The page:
When I say I love this mural, I should explain, right? I love the vivid hues defining this art. To look at “LOVE FOR ALL” simply makes me happy. And who doesn’t need to feel happy after these past difficult 14 months-plus of living in a pandemic?
LOVE in assorted colors and languages. MN Prairie Roots copyrighted photo.
The three dots below the L are L in Braille. MN Prairie Roots copyrighted photo.
The artist took those facets of Faribault and incorporated them into her artwork. You’ll see that in the hands communicating love in American Sign Language with the Braille spelling below. The hands are painted in varied skin tones.
Mums, peonies and clematis. MN Prairie Roots copyrighted photo.
The rare Dwarf Trout Lily. MN Prairie Roots copyrighted photo.
The letter L in ASL. MN Prairie Roots copyrighted photo.
As a creative and a member of this diverse place I’ve called home for 39 years, I celebrate this newest piece of art. I hope it sparks conversations, creates a strong sense of community and positivity, and reminds all of us that art is powerful. And so is love.
An overview of vendors at the Rice County Steam & Gas Engines Swap Meet & Flea Market on Memorial Day weekend.Minnesota Prairie Roots file photo May 2021.
I’VEREACHED THAT STAGE in life where I don’t need more stuff (although I would like an updated kitchen). But I’m talking about all the miscellaneous that fills our homes. Not necessarily necessary, but stuff that we like, whether art, antiques, collectibles or whatever.
A beautiful mirrored gazing ball offered by a crafter. Minnesota Prairie Roots copyrighted photo May 2021.
I’ll always appreciate those extras which personalize our houses and outdoor spaces, which make a place a home.
The event also included a live auction. Minnesota Prairie Roots copyrighted photo May 2021.
And I’ll always appreciate swap meets and flea markets, a good source for unusual finds. Flea markets, after a year’s hiatus due to COVID-19, are back in my area of southern Minnesota. And recently I attended my second of the season, this one hosted by Rice County Steam & Gas Engines, Inc. in rural Dundas.
My favorite “character” at this year’s flea market. Minnesota Prairie Roots copyrighted photo 2021.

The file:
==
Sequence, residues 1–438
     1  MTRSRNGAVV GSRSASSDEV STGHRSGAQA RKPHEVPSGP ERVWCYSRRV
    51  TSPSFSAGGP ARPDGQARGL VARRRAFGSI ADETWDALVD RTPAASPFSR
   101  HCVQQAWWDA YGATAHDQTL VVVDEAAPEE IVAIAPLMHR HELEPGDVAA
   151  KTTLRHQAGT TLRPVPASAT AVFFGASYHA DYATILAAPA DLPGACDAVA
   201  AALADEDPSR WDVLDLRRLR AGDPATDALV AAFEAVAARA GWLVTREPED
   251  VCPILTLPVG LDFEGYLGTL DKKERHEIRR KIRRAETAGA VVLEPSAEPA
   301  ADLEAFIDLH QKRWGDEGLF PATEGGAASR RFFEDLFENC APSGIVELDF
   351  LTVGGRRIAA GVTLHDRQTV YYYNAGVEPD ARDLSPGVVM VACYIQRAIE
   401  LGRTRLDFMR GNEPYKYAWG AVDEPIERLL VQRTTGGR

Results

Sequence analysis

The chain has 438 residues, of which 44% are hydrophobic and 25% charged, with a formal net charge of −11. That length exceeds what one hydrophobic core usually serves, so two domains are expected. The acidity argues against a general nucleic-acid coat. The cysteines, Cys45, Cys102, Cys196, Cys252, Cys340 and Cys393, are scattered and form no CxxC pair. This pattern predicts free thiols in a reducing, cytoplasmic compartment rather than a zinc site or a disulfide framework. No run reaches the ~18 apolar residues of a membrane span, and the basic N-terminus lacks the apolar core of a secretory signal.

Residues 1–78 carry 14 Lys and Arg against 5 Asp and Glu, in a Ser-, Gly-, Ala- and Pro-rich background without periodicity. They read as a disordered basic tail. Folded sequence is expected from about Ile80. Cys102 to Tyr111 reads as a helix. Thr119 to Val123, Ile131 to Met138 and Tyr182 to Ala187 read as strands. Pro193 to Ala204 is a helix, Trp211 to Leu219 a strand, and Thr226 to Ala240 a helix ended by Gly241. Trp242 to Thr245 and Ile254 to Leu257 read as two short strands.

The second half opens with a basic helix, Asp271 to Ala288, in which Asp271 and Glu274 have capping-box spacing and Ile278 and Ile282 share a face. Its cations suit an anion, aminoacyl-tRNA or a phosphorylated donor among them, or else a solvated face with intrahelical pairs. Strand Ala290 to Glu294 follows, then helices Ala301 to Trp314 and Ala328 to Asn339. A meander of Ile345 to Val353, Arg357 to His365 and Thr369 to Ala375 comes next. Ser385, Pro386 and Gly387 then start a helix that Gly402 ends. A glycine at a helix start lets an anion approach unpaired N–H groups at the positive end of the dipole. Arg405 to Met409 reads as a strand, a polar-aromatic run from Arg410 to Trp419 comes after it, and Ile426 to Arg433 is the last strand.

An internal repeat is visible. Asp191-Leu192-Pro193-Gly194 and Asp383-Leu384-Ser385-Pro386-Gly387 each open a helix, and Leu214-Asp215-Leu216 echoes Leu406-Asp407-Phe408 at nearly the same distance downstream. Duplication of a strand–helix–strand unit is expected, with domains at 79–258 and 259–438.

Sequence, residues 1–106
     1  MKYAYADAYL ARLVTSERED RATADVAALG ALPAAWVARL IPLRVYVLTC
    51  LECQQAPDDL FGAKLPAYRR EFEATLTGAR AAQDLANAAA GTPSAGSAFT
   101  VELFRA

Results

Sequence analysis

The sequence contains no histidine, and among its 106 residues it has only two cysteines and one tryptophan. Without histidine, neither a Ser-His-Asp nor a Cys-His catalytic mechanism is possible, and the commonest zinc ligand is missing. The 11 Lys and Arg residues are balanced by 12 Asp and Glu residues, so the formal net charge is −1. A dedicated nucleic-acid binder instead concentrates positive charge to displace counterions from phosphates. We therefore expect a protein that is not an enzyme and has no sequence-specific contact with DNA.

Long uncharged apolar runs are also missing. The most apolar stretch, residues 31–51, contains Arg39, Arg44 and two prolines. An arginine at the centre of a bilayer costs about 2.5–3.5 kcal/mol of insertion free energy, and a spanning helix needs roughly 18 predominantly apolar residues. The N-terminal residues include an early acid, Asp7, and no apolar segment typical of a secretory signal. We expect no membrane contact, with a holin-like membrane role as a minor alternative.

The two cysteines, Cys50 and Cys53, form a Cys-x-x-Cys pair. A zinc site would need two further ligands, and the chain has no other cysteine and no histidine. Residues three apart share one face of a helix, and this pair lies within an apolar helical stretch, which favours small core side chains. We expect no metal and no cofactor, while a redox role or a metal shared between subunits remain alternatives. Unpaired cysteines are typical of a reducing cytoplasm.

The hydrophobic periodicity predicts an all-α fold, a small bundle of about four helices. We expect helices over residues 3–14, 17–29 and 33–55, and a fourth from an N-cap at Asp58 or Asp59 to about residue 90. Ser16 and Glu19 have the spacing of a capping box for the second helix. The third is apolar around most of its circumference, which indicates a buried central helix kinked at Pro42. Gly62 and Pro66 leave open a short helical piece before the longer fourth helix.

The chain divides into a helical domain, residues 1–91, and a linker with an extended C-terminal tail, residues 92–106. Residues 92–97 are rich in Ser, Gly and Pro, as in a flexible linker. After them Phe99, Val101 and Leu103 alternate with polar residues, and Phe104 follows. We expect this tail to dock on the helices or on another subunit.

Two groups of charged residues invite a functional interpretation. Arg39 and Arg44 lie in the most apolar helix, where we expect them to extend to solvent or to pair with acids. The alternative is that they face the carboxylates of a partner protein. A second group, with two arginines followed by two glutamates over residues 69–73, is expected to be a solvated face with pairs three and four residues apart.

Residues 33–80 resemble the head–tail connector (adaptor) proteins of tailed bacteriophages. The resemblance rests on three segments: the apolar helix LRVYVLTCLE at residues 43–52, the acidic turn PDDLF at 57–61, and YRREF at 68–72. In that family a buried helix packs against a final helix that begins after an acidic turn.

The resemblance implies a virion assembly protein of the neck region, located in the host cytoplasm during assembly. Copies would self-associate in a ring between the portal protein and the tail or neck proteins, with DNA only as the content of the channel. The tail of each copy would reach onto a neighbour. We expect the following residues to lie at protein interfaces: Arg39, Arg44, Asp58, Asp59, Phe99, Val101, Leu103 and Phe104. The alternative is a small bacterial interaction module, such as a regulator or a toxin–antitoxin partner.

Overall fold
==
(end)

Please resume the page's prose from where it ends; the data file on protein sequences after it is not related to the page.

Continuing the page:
I delight in walking among vendors on this spacious acreage. I enjoy the people-watching and the array of merchandise.
And I welcome spotting a tractor or two, which takes me back to the farm.
Love this fish art by Ron Hammond Artworks of Faribault. Minnesota Prairie Roots copyrighted photo May 2021.
Darlene Wondra of G & D Sales in Montgomery did this handstitched dish towel embroidery. Minnesota Prairie Roots copyrighted photo May 2021.
Beautiful rag rugs crafted by Lito Xydous Hufford of CA2 BY LITOUS. Minnesota Prairie Roots copyrighted photo May 2021.
Often, I pause to chat with vendors, including those who sell crafts or art.
“Snake woman,” found at the booth of Daniel Bell. Minnesota Prairie Roots copyrighted photo May 2021.
I also search for art in the used merchandise available for purchase. As a creative, I view the world through an artful lens.
Among the unusual merchandise: wigs for sale. Minnesota Prairie Roots copyrighted photo May 2021.
The unusual, the oddities, the unique draw my focus.
And then there’s the food, this time mini donuts, my long-time fair food favorite. These were especially good. Warm. Sugary. And not at all greasy.
Some of vendor Daniel Bell’s offerings. Minnesota Prairie Roots copyrighted photo May 2021.
There’s so much to enjoy about flea markets, even if I’m only looking and not buying. And this year, especially, it feels exceptionally good to be out and about. Meandering. Reminiscing over merchandise. Admiring creativity. Simply appreciating life and being among people again.
The peonies painted into the mural honor the long ago Brand Peony Farm, no longer in existence. The nationally-renowned peony grower/developer earned Faribault the title of “Peony Capital of the World.” The community celebrated with an annual peony festival and parade, and brides stored peonies in caves along the river. In many Faribault residential neighborhoods you’ll see peonies bushes, currently in bloom.
Brennan also painted another Faribault famous flower, the clematis, in to her mural. Donahue’s Greenhouse, just blocks from my home, grows one of the largest selections of clematis in the country.